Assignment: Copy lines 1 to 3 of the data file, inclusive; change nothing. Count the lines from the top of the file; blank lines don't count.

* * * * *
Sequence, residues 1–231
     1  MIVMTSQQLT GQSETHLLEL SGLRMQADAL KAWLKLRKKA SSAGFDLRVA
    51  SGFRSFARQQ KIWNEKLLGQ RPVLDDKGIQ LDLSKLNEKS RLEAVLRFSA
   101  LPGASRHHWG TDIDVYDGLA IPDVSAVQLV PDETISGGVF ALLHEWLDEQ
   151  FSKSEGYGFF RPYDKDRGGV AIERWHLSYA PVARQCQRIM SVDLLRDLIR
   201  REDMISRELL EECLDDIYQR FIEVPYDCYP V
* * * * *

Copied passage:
Sequence, residues 1–231
     1  MIVMTSQQLT GQSETHLLEL SGLRMQADAL KAWLKLRKKA SSAGFDLRVA
    51  SGFRSFARQQ KIWNEKLLGQ RPVLDDKGIQ LDLSKLNEKS RLEAVLRFSA